At a two-hour rally yesterday evening, opposition leader Sam Rainsy addressed an enthusiastic crowd of around 500 SRP district and commune councilors by videoconference from France, reiterating that he plans to take evidence of supposed Vietnamese border encroachment to the international community.
“I think it is a good thing that [the government] made trouble for us, which gave us the opportunity to protect our territory and made others more interested in Cambodian politics and territory,” Mr Rainsy, his face projected on a big screen, told his supporters.
The opposition party leader was sentenced to two years in prison last week for uprooting temporary demarcation posts along the Vietnamese border, an act he says he committed to call attention to the issues of border encroachment and Hanoi’s influence on the Cambodian government.
The opposition leader, who has a home in Paris and was tried in absentia, told his supporters yesterday that he planned to spend the next few weeks making his case with European politicians.
“This week I will go to London for a meeting with government representatives and lawmakers, and then I’ll go to Berlin…before returning to France,” he said. After taking on Europe, he said, he would visit the US, Australia and Japan.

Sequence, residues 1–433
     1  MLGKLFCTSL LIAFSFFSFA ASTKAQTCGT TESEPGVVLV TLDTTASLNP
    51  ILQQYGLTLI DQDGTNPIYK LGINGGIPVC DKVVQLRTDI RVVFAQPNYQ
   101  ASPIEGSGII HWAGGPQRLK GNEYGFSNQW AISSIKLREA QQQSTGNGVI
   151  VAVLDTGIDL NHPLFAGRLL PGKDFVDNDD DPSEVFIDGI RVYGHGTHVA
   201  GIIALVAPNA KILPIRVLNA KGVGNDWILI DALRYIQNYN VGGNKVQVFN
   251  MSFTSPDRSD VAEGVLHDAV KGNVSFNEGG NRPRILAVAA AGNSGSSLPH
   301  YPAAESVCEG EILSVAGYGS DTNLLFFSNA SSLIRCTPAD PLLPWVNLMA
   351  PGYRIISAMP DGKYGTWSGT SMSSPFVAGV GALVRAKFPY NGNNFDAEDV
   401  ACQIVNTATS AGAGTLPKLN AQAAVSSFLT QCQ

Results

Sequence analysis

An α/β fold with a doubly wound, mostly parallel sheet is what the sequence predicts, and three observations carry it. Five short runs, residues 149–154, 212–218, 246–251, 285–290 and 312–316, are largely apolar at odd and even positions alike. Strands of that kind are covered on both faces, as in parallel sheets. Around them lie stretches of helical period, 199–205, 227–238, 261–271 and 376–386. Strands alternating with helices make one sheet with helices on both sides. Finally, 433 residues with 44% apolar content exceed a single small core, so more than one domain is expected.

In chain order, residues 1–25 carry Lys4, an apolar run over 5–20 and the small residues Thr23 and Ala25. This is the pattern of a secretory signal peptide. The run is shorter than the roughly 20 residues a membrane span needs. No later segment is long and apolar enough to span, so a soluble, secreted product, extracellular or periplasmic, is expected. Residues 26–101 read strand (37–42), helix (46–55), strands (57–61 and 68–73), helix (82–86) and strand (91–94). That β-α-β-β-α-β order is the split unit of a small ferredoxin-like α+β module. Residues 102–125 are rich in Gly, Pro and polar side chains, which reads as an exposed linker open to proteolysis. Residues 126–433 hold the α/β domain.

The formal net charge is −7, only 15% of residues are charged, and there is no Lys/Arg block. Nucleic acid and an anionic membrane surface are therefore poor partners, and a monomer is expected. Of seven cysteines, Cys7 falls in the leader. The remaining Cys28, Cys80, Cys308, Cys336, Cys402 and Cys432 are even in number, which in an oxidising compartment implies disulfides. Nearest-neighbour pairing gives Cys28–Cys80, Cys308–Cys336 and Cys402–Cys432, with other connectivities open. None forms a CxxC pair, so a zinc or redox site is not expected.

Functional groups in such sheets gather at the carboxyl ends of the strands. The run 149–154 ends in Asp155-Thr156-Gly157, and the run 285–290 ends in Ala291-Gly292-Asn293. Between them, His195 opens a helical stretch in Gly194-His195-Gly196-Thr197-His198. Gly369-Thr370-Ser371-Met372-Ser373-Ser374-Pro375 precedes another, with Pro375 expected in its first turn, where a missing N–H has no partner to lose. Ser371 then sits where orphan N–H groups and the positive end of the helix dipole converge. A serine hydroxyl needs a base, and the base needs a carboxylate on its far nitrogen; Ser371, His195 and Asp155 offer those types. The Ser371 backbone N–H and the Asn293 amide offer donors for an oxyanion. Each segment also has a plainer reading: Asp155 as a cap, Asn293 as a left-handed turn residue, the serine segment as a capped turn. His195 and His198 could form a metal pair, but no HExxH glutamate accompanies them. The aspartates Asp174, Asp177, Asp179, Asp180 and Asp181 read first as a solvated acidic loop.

“I’ll go to all countries and organizations involved with Cambodia, especially the signatory countries to the Paris Peace accords,” he said.
Mr Rainsy insisted once again that his conviction was purely political, but he said he plans to use the setback—with a criminal conviction he can no longer hold a seat in parliament—as an opportunity to draw even more attention to Vietnam’s supposed encroachments on Cambodia’s eastern border.
“This is our pride, the Sam Rainsy Party’s pride, and the pride of all the members of the SRP,” he continued.
“We made the Vietnamese pull back for the first time in recent history!”
SRP lawmaker Ho Vann interrupted Mr Rainsy periodically. “Cheers for President Sam Rainsy’s success!” he cried. “Cheers for Sam Rainsy for protecting Cambodian territory!”
The crowd cheered in unison.
In addition to a virtual Mr Rainsy and political speeches, the rally featured food vendors, karaoke videos—including a rousing rendition of “Unchained Melody”—and a short SRP-produced documentary about Mr Rainsy’s Vietnamese border activism.
The DVD footage of the October protest at the Vietnamese border that led to Mr Rainsy’s conviction—and the jailing of two local villagers for a year each—was overlaid with a mournful Sinn Sisamouth dirge about the disintegration of the once-mighty Khmer Empire due to territorial encroachment.
“The most famous Cambodian cities were all grabbed by Thais and Vietnamese—[we are] losing in the west and also in the east,” the song goes. After Mr Rainsy addressed the councilors, several of them rose and delivered short, passionate speeches of their own.
Last night’s rally was the first of many other virtual visits by Mr Rainsy to be held around the country in the coming weeks, SRP spokesman Yim Sovann said.